Although we can teach our children the different components underlying literacy acquisition (phonological awareness, alphabet code, orthographic knowledge), this is only a part of the equation. It is not sufficient just to introduce and explain a concept. Children need to learn this material and this requires them to be able to firstly store information in their long-term memory and then quickly and accurately retrieve this information on demand.
Any educational psychology text will show that we remember best if:
- New knowledge is linked to existing knowledge.
- The different components of a program are integrate.
- Information is presented in a pictorial format.
- As many senses as possible are used.
- Multiple opportunities are provided for rehearsing or practising the information.
Current information-processing research using neuro-imaging and time sequencing of the activation of different brain show that the brain’s potential for learning is associated with its ability to successfully recognize patterns already existing in the brain and relate this to the incoming information (see for example Sjöström, Rancz, Roth, & Hausser, 2008). This means you need to be constantly aware of ways that you can reinforce and build on your child’s current knowledge. So, for example when I introduce digraphs, I say the letter sounds /s/ and /h/ make /sh/ rather than the letter names ‘s’ and ‘h’ because saying the sounds links their knowledge of the common sound represented by the letters of the alphabet singularly, to this new pattern of sound representation.
However, it’s not sufficient just to link new knowledge to existing knowledge. You also need to make sure that all the different components of what your child is learning are interlinked. The importance of doing this is clearly demonstrated in Conrad’s (2009) study in which it was found that children were better able to spell words they had practiced reading and to better read words they had practiced spelling. The lessons focused on orthographic understanding of the words and it was also found that generalizations were made to new words with a similar orthographic pattern. So whether your child has a spelling or a reading problem, this research indicates that you should be working on developing both reading and spelling skills, with a specific focus on teaching the underlying orthographic knowledge embedded in individual words. To assist in this interlinking, I design activities so the same concept is practised is different context. For example, after a particular grapheme has been introduced students will see the grapheme is single words, in paragraphs, in nonsense word syllabification exercises and in comprehension activities. In addition, once a concept has been introduced it will be continually used throughout the program and into the next program.
The brain’s ability to remember pictures better than words is well established and, again, current research continues to support this view. For example, in an experimental study, Shmidman and Ehri (2010) taught English-speaking pre-schoolers 10 Hebrew letters. The children were randomly divided into two groups. The experimental group were taught the sound each letter represented by embedding the letter shapes in drawings of objects that had a similar shape and began with the same sound. For example, an English equivalent would have been relating ‘a’ to ‘apple’ because the ‘a’ can be made to look like an apple and ‘apple’ begins with the /a/ sound. The control group were taught the letters with objects that had no relationship to the sound of the letter. For example, ‘a’ for ‘ant’.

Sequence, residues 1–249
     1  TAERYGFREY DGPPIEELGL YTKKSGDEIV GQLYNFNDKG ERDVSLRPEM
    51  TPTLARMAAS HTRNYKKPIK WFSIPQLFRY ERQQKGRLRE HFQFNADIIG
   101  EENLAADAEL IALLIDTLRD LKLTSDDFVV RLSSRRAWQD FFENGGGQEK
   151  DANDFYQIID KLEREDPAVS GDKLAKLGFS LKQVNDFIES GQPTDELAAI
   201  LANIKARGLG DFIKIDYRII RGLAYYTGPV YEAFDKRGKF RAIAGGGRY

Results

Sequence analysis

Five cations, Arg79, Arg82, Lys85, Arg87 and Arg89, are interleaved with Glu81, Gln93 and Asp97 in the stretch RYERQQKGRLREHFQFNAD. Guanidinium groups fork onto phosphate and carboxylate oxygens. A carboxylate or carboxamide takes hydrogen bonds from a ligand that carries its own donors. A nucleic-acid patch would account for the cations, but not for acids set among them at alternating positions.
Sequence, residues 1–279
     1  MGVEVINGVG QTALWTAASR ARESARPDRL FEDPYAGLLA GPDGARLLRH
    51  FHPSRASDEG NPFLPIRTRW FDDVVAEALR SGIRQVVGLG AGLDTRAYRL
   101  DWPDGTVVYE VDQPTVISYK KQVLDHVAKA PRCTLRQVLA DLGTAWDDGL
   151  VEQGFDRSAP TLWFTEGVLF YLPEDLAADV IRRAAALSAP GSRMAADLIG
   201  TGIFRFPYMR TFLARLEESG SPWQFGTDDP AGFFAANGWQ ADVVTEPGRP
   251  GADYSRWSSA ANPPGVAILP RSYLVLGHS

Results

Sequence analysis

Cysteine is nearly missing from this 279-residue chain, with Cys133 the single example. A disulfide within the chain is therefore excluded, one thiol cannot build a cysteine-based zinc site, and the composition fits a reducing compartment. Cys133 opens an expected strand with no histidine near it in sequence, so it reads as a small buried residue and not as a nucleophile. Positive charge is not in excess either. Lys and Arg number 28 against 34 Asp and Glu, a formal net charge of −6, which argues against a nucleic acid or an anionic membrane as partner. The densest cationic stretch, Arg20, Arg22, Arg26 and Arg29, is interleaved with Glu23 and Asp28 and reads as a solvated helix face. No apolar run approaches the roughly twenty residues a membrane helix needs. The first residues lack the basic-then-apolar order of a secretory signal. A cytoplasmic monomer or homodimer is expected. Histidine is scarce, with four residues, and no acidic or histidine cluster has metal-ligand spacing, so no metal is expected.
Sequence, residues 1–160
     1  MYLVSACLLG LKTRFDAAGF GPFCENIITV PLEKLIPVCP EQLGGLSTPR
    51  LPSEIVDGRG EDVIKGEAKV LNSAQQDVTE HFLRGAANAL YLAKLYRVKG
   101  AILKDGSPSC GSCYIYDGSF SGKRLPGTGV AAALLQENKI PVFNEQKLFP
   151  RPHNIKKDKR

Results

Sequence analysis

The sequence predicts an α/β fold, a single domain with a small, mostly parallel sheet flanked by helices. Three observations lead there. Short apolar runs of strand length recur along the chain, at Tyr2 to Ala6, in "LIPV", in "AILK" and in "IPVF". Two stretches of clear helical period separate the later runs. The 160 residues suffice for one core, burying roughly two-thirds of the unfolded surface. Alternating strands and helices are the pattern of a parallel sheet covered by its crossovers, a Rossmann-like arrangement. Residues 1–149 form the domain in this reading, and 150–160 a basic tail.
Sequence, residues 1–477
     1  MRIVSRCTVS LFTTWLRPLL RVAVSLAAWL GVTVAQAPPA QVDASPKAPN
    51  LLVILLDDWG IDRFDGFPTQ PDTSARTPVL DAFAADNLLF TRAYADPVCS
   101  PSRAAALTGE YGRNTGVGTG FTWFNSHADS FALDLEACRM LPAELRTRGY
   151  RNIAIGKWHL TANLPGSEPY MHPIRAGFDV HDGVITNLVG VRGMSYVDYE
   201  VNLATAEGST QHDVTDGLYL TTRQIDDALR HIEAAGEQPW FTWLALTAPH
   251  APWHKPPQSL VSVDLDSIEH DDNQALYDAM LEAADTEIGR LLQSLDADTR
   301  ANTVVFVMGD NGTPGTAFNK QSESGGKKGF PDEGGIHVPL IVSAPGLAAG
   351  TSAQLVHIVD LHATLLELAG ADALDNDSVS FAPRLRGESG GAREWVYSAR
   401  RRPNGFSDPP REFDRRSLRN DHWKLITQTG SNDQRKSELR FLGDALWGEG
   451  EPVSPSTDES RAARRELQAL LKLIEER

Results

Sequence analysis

Compared to a control group, the children in the experimental group:
- Learned the letters quicker.
- Remembered them better a week later,
- Were less likely to confuse the letters and
- Were better at using this knowledge in reading and spelling tasks
I use this strategy when I’m teaching the sounds of the alphabet by choosing a linking picture that not only begins with the sound, but also has some relationship to the shape of the letter. I also use pictures to help students remember the common graphemes to represent a particular sound and then link this to a story. For example, the three common /ay/ sounds are ‘ai’, ‘a-e’ and ‘ay’. These are represented by a picture of rain, a cake and a tray. The underlying story is the rain is falling on the cake making it all soggy and the cake is sitting on the tray.
Your challenge! Next time you are teaching your child a concept, think of a way to link the concept to your child’s existing knowledge, think of different ways to practise the concept and think of a way to represent the concept in a pictorial format.
Conrad, N. (2008). From Reading to Spelling and Spelling to Reading: Transfer Goes Both Ways. Journal of Educational Psychology, 100 (4), 869
Eggen, P., & Kauchak, D. (2010). Educational psychology: Windows on classrooms (8th ed.). Upper Saddle River, NJ: Pearson Education Ltd.
Shmidman, A., & Ehri, L. (2010). Embedded picture mnemonics to learn letters Scientific Studies of Reading, 14 (2), 159